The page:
Doujinshi is a term referring to Japanese amateur self-published works typically in the form of manga and novels targeting consumers outside of the professionally-published market. It should be a familiar term if you actively consume fandom-related media, as a lot of doujinshi works are also transformative fanworks of an already existing series.
“Doujinshi” is written in Japanese as 同人誌. The Japanese characters derive from 同人 (doujin), which literally means “the same person,” and 誌 (shi), meaning “magazine.” The word 同人usually refers to people with the same goals, interests, or hobbies. As such, the term “doujinshi” in itself simply means a magazine or publication for people with the same interests or hobbies.
Doujinshi publications date back to the Meiji Era, where enthusiasts of novels, haiku, and tanka self-published their works as magazines. These publications played a considerable role in forming modern Japanese literature. Notable authors have created doujinshi, and many selections from doujinshi magazines received nominations for the Akutagawa Prize, a Japanese literary award.
Initially, all contents in doujinshi magazines were original works of the authors, now commonly referred as 一次創作 (ichiji sousaku) in Japanese, and not transformative works which are now widely known as 二次創作 (niji sousaku).
Transformative works (niji sousaku) published as doujinshi in the form of manga and novels that we are familiar with now began with the post-war rise of anime and manga culture since manga editors actively encouraged mangaka to appeal to the mass market.
Fans then began to produce transformative works of already existing series that then impacted the larger manga market. (For example, aniparo (anime parody) of series such as Captain Tsubasa featured a lot of male/male relationship stories were very popular. These transformative/parody works also contributed to the Boys Love (BL) genre as we know it today.)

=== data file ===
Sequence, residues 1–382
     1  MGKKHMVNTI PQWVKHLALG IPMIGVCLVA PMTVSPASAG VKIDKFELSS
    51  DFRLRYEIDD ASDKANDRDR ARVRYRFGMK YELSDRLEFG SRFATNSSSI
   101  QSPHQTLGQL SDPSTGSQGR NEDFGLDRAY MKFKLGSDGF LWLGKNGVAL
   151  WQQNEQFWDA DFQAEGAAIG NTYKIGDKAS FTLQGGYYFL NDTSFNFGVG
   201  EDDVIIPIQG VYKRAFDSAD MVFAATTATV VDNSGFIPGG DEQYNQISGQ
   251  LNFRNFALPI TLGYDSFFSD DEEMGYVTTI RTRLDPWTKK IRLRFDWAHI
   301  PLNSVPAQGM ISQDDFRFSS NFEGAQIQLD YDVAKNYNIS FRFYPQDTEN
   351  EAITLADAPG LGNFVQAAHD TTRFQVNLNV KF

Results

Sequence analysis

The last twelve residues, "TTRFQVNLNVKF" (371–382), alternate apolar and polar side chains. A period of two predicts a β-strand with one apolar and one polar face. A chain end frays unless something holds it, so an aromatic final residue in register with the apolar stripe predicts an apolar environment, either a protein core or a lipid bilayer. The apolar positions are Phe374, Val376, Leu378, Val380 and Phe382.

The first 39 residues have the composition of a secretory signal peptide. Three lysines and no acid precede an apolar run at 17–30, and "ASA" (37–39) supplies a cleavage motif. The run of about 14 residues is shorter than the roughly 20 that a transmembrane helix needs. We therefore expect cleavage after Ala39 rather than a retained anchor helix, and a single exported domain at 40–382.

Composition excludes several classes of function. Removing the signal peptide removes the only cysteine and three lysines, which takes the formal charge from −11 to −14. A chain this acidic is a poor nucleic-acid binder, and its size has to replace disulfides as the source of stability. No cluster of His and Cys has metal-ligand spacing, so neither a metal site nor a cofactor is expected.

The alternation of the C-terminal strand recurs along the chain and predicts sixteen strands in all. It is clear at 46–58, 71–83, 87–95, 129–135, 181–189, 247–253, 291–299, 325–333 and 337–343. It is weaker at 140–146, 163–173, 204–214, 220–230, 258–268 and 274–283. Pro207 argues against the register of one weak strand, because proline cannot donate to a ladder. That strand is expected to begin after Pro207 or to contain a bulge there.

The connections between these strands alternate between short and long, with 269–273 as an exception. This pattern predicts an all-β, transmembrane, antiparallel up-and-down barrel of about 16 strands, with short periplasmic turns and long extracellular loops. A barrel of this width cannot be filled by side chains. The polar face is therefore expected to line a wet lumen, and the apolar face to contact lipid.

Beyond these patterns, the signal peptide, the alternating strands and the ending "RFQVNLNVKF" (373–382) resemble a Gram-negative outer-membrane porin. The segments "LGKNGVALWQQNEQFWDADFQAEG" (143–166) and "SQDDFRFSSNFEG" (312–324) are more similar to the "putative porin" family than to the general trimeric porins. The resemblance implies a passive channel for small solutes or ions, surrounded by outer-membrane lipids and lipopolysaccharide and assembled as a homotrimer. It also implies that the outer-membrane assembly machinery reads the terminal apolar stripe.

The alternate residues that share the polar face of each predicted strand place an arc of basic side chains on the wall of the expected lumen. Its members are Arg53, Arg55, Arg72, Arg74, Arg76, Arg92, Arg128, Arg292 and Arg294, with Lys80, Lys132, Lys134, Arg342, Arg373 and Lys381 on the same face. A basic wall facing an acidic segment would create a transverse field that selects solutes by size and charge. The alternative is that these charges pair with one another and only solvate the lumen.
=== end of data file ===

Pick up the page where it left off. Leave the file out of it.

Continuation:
The founding and popularity of Comic Market (Comiket) in 1975, which is a non-profit event dedicated to the sale of doujin works, also contributed to the popularity of writing transformative works and publishing them as doujinshi. Simultaneously, Comiket also opened new, direct ways of interactions between self-publishing authors and their readers, forming a separate doujin culture and community for both original and transformative works. Currently, it is relatively common to see doujinshi events dedicated only for transformative works such as Super Comic City and SPARK, as well as doujinshi events only for original works (ichiji sousaku) such as J-Garden and Comitia.
Doujinshi: Modern Usage
In English-speaking fandom, the term doujinshi is more commonly used in the same way as fanzines (used to refer to transformative works) and imply comics since other forms of doujin works were not as common. However, in Japan, the doujinshi community retains the separations of original (ichiji sousaku) works and transformative (niji sousaku) works, even though the participants themselves tend to create both and attend the same events.
Likewise, while the doujinshi community is relatively separate from the professional manga and novel publishing industry, they are still connected. Many BL manga authors began their careers by participating in doujinshi markets, and a good number of professionally-published BL manga authors still participate in both original and transformative doujinshi markets. Additionally, with the various platform offered with the internet nowadays, it is reasonably easy for original doujinshi authors to expand their market internationally, further opening their careers and chance to be professionally-published.
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Original Doujinshi (Ichiji Sousaku) Creators on futekiya
- AYU Yamane
- HAJIME Yasu
- KURACHI Mikoto
- Taurine 100 million
About futekiya: BL manga subscription
In 2018, futekiya began as a Boys’ Love manga news and culture website operated by FANTASISTA, INC., a CG/VR production studio based in Tokyo, Japan. futekiya transformed into a budding global distributor of officially licensed BL manga in 2019.
futekiya launched as an online subscription service for officially licensed BL manga on July 8, 2019. Determined to connect fans around the world with English-translated BL legally and conveniently, futekiya empowers readers to support creators and the manga industry.
Readers who subscribe to futekiya and pay a flat monthly fee of $6.99 will have access to our expanding library of English-language manga. To subscribe, please go to read.futekiya.com and create an account. More information is in our guide.